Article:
Interesting legislation could require that all new vehicles have backup cameras installed in them. The thought to require backup cameras in all new vehicles comes from the belief that it would make it safer to drive them. The backup cameras serve as a great asset when a vehicle is going in reverse, most often occurring when someone is backing out of their driveway.
By requiring these backup cameras, the Federal Government seems to feel that it would cut down on injuries and deaths that occur simply from drivers backing over pedestrians.
According to USA Today, it is the Transportation Department that has proposed new rear visibility rules. These rules would make it a requirement to have backup cameras installed in all new cars, beginning with 2014 models. That would give car companies the ability to phase in the idea, and it would definitely upgrade the safety value of each model coming off the line.
The idea, if implemented, would require that 10% of new vehicles (up to 10,000 pounds gross weight) have the cameras by 2012, and that by 2013 40% of vehicles coming off the line have cameras. Then by 2014, the requirement would be that every new vehicle would have to have the camera, raising the safety level, but probably raising the cost of those vehicles as well.
Don’t worry consumers, because the Transportation Department is also stating that it is only going to add $200 to the cost of these vehicles (for a rear video camera and interior display), and that it will be up to the car companies to install them. In its infancy stage, this idea actually seems like a pretty good one, especially if it means that we can avoid needless accidents of kids getting hit by cars coming out of driveways.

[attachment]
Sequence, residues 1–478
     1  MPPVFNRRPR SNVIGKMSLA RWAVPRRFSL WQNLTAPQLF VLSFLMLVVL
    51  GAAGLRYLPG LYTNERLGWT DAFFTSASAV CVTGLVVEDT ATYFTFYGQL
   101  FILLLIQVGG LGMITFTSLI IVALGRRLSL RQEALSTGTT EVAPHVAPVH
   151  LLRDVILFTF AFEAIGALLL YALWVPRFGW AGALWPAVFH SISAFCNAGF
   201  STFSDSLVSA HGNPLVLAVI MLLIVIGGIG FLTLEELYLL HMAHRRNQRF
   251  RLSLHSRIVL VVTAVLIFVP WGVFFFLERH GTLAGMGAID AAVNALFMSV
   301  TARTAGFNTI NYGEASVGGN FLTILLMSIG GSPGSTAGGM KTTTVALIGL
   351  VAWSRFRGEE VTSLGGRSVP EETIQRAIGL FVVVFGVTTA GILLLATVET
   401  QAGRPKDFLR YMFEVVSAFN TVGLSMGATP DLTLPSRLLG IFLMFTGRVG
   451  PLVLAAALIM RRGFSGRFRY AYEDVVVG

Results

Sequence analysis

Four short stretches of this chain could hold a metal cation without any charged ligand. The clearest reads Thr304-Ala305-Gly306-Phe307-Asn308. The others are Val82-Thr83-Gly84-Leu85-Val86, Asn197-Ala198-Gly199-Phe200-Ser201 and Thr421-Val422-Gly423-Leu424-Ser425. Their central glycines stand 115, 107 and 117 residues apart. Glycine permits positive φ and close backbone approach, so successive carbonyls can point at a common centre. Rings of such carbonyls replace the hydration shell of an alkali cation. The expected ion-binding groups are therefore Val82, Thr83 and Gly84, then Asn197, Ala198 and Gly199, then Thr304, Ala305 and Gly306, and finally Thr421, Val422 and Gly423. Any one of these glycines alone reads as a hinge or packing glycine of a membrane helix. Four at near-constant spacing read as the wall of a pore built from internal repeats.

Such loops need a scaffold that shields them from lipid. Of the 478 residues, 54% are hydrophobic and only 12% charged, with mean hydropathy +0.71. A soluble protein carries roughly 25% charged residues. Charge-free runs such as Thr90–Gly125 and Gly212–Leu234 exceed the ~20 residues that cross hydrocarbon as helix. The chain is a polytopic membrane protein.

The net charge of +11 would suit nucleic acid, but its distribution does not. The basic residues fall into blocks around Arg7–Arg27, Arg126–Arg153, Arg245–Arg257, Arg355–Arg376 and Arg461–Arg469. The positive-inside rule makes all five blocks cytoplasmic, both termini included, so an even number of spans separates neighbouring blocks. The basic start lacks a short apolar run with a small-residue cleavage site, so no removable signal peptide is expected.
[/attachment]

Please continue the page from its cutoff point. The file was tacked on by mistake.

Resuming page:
The National Highway Traffic Safety Administration told USA Today that backup accidents kill nearly 300 and injure 18,000 people each year, and they estimate that by placing these cameras in the vehicles will reduce those deaths and injuries by around one-third. That is a huge number when you get down to it, and it starts to show that there might not be a down side to this legislation.
If the car companies aren’t opposed to this line of thinking and the DOT thinks that it will save lives, then it is indeed time to put these backup cameras in all new vehicles. Not only is it a good safety measure, but if you have ever driven a vehicle that employs the backup cameras, you already know how much easier they can make parallel parking.